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The Beatles - My Bonnie CD (album) cover

MY BONNIE

The Beatles

 

Proto-Prog

1.54 | 10 ratings

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The Anders
1 stars "My Bonnie" was the single that made Brian Epstein aware of the Beatles (a fan asked for it in Epstein's music store). One can only say that they were really lucky in this case, for if you listen to the single without knowing who is playing on it, there is really not much to get excited about. It is the sound of an average singer and a decent orchestra at best.

It was first and foremost a single by Tony Sheridan, with the Beatles playing as backing musicians (as the Beat Brothers). Unfortunately Tony Sheridan is anything but an interesting recording artist, and had it not been for him playing with the Beatles before they got famous, he would most probably be forgotten today. Tony Sheridan is by no means a bad singer; he clearly has a good voice, but his Presley-like vocal style tends to sound unnatural and annoying, perhaps because he is trying too hard to sound like somebody else - unlike for instance John Lennon who basically just sounds like... John Lennon. The Beatles themselves would sing with a personality that is lacking here. Even though I am far from being an Elvis Presley fan, I very much prefer the real thing. For the same reason, I also prefer another early recording by the Beatles from the same period, but without Tony Sheridan: "Ain't She Sweet", with Lennon on raw and unpolished vocals.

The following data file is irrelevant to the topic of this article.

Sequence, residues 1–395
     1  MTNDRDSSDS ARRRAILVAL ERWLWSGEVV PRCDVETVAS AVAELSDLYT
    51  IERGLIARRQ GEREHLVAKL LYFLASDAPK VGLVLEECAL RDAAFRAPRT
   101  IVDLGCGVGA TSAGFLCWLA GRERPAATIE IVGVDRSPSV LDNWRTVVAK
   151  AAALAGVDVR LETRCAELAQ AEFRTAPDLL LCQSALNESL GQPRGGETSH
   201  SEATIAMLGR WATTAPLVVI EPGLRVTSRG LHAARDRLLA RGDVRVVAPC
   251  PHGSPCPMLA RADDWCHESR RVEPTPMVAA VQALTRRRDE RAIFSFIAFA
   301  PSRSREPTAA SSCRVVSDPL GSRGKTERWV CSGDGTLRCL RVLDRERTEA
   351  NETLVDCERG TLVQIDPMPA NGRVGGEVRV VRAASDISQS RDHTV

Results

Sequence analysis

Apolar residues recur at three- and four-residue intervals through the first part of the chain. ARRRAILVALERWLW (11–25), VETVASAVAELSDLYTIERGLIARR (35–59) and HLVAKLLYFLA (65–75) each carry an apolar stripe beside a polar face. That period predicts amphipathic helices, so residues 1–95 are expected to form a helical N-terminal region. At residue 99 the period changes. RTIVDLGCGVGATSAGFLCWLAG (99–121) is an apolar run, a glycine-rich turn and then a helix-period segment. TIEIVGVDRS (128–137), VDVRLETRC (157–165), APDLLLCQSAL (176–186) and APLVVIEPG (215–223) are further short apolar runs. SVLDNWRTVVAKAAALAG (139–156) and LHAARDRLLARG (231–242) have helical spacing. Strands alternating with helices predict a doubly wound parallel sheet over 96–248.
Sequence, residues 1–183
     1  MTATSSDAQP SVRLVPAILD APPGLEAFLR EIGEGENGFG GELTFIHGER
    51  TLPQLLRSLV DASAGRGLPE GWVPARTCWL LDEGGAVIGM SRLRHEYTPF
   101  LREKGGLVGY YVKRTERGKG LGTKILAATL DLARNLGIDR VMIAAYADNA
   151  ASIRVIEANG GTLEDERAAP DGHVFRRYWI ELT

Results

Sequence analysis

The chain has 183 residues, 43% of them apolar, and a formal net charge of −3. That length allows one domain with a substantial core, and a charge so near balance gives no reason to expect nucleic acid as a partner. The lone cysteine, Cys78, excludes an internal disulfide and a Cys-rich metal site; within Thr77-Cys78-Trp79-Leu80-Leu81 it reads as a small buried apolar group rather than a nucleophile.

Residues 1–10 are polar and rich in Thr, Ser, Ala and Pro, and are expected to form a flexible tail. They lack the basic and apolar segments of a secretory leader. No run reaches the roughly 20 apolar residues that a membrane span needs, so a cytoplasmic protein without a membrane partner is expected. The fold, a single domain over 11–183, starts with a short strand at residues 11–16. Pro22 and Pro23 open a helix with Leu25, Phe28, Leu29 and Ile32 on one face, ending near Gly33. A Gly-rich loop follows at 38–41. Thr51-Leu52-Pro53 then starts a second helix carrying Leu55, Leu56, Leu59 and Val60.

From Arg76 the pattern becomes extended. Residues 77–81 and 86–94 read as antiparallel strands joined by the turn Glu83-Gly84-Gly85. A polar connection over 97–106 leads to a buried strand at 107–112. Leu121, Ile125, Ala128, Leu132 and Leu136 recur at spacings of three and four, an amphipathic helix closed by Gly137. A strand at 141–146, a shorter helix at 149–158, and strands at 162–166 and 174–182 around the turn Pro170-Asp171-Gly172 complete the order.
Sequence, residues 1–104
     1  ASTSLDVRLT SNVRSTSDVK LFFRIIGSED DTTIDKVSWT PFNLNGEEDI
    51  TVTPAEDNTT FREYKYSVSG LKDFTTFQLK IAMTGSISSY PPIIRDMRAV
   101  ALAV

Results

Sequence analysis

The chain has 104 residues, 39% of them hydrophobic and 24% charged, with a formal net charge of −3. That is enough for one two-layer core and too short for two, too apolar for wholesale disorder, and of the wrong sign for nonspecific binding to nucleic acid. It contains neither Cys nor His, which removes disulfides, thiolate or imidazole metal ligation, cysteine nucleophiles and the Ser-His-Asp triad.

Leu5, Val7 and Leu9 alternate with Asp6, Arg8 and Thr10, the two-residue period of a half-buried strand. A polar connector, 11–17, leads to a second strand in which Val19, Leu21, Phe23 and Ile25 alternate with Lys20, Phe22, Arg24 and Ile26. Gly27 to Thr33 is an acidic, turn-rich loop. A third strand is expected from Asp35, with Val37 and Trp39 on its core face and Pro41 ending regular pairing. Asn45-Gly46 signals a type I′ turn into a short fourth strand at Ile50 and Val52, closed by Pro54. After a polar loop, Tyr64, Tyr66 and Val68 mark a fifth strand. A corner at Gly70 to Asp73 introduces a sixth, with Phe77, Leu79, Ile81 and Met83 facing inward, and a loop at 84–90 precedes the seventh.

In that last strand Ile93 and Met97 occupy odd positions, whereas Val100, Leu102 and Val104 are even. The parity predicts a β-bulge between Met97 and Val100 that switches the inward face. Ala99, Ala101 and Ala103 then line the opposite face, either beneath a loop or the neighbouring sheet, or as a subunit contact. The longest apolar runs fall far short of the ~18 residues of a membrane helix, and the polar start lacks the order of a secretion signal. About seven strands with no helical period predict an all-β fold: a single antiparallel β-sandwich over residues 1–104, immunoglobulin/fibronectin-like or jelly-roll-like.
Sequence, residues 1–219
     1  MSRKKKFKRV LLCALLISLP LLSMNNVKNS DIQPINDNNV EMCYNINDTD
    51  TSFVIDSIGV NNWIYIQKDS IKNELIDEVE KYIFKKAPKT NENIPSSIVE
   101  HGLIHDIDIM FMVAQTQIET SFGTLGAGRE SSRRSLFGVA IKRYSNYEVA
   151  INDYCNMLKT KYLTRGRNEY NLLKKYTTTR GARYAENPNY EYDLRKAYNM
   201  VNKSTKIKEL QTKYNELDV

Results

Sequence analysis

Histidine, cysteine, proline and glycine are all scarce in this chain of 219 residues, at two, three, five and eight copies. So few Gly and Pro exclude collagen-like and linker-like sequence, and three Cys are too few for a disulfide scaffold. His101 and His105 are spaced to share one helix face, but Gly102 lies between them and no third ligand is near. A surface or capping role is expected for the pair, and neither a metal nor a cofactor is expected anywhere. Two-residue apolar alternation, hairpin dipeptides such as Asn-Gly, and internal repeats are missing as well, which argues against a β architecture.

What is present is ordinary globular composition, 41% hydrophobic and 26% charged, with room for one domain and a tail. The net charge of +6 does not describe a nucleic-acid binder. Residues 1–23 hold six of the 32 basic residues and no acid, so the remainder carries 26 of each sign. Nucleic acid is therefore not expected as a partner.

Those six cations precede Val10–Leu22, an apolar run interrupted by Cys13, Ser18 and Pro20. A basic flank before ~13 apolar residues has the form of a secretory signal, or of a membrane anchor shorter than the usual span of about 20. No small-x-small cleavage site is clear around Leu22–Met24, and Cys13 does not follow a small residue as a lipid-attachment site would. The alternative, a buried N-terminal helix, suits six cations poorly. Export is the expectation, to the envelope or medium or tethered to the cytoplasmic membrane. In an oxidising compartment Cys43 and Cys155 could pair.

Another problem here is the choice of material. Selecting a worn out school song like "My Bonnie" is an awkward choice to begin with, but I could forgive it if they had done something interesting out of it. Unfortunately, that is not really the case: We get a slow intro, and then it turns into some very ordinary rock'n roll. And since the original song has nothing to do with rock'n roll, it becomes a bit like a gimmick or a novelty act overall. The effect somehow reminds me of some of the many 90's eurodance revamps of old hits that I had to live through in my early teenage years. "The Saints" sounds similarily uninspired, and it quickly becomes monotonous and boring.

Then there are the Beatles themselves who drag the level up to some extent. The rhythm group sounds competent enough, and George Harrison gets to show off some of his trademark guitar licks of the early Beatles period, for instance at the outro of "The Saints". Still, the band sound pretty decent overall, and I think they lack some of the energy and excitement of their later recordings. A big part of the problem lies with Pete Best: his playing style is simply too boring, and he does little more than keeping the beat. With Ringo Starr replacing him in 1962 they got a much stronger and more unique rhythmic base, and he was clearly a key element in the trademark Beatles sound we know from their proper work. Here the sound is not quite there yet. Another reason for the musical decency on the record is probably the lack of George Martin to guide the band and help them improve their arrangement.

So all in all, the single is only interesting as an important document in the history of the Beatles; not as a valueable record in its own right. As with other records, I prefer to judge it as the latter, and it is a tough decision between one and two stars.

The Anders | 1/5 |

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